Cubist and Alnylam Pharmaceuticals have entered into a strategic alliance which will see the firms develop and commercialise therapeutics targeting respiratory syncytial virus infection using the latter’s RNA interference (RNAi)-based platform.

The companies say the collaboration is structured as a 50/50 co-development and profit share arrangement in North America, and a milestone- and royalty-bearing licence deal in the rest of the world outside of Asia, where Alnylam’s ALN-RSV programme is partnered with Japan’s Kyowa Hakko Kirin. Alnylam will receive an upfront payment of $20 million and is eligible to receive development and sales milestone payments that could total $82.5 million, as well as double-digit royalties on sales outside of North America and Asia.

The programme includes ALN-RSV01, a drug which is in Phase II for the treatment of RSV infection in adult lung transplant patients, as well as several other RNAi-based RSV inhibitors that are in pre-clinical stages. The companies note that RSV is highly contagious and causes infections in both the upper and lower respiratory tract. The virus infects nearly every child at least once by the age of two and is a major cause of hospitalisation.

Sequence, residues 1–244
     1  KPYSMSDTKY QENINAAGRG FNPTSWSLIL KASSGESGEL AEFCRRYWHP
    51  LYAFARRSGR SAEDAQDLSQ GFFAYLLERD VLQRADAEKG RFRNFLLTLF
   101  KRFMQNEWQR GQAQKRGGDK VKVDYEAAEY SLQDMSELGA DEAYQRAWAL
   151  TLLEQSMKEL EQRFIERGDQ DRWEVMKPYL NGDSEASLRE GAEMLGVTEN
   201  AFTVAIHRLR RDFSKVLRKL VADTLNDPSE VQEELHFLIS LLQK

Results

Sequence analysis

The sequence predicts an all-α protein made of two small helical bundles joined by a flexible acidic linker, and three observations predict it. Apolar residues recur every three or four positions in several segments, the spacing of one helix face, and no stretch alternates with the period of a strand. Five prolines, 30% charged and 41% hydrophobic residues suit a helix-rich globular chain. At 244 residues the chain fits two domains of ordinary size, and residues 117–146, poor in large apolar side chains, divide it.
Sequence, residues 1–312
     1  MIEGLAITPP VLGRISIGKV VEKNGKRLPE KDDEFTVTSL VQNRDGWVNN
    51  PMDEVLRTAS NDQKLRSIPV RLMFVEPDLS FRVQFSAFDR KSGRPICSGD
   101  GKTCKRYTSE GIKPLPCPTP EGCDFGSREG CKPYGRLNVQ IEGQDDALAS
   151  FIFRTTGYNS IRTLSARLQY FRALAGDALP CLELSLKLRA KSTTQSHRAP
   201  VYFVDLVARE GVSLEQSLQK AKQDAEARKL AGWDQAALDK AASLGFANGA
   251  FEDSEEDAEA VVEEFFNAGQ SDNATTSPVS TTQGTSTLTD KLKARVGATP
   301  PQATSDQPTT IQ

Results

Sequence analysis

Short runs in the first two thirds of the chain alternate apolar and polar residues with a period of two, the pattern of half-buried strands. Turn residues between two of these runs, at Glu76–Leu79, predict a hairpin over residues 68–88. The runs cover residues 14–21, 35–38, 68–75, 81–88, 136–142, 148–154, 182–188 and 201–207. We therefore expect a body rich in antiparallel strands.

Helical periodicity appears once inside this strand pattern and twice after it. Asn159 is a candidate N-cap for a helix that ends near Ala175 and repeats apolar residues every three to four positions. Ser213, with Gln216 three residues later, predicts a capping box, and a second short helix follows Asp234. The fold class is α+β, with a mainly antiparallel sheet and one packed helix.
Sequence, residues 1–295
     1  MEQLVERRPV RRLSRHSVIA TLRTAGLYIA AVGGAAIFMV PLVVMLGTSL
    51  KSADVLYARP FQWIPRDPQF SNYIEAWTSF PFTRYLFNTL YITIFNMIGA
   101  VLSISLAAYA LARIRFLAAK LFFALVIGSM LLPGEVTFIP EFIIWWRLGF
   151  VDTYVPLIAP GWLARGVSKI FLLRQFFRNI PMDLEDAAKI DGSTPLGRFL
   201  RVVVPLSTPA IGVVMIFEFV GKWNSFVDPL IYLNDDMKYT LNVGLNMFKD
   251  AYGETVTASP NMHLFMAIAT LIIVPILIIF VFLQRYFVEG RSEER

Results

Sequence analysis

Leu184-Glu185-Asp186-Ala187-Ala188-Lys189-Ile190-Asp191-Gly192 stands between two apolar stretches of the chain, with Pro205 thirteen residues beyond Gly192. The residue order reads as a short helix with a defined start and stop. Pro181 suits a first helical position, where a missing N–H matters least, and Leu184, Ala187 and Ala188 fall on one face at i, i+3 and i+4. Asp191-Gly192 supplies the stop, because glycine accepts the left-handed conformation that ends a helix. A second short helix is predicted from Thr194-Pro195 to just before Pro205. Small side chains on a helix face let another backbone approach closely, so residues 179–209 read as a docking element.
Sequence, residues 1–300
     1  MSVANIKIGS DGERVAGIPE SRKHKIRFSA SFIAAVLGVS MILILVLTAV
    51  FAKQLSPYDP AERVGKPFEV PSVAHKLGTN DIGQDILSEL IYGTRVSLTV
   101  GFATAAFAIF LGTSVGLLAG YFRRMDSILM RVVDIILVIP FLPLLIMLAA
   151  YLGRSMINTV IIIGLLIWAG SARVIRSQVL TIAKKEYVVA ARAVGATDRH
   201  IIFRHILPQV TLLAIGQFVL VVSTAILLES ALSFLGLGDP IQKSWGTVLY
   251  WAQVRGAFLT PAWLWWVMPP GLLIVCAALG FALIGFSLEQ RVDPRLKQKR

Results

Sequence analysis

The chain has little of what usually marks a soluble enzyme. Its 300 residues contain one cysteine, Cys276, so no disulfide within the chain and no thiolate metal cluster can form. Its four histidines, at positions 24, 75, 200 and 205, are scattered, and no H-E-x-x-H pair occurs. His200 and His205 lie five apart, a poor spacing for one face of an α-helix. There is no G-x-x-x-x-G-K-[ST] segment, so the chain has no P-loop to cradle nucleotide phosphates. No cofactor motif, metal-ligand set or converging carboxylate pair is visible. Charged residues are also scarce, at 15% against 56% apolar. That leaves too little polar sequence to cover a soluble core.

John Maraganore, chief executive at Alnylam, said that partnering this programme “brings additional critical mass to the advancement of ALN-RSV01 and/or second-generation RSV-specific RNAi therapeutics” which the firm aims to advance towards potential clinical studies “as early as 2010”. He added that the partnership also provides Alnylam with “yet additional financial flexibility to invest beyond RSV in the multiple product opportunities represented by our growing pipeline of novel RNAi therapeutics."

RNAi is perceived by many as one of the hottest new areas of drug research. It involves a naturally-occuring mechanism within cells that potentially forms the basis for a new class of drugs that can selectively silence the inappropriate activity of specific genes within the cell. However there are others who are more sceptical about the technology and point to the fact that it is Cubist and not one of the big pharma players that Alnylam has linked up with for the potentially-huge ALN-RSV01.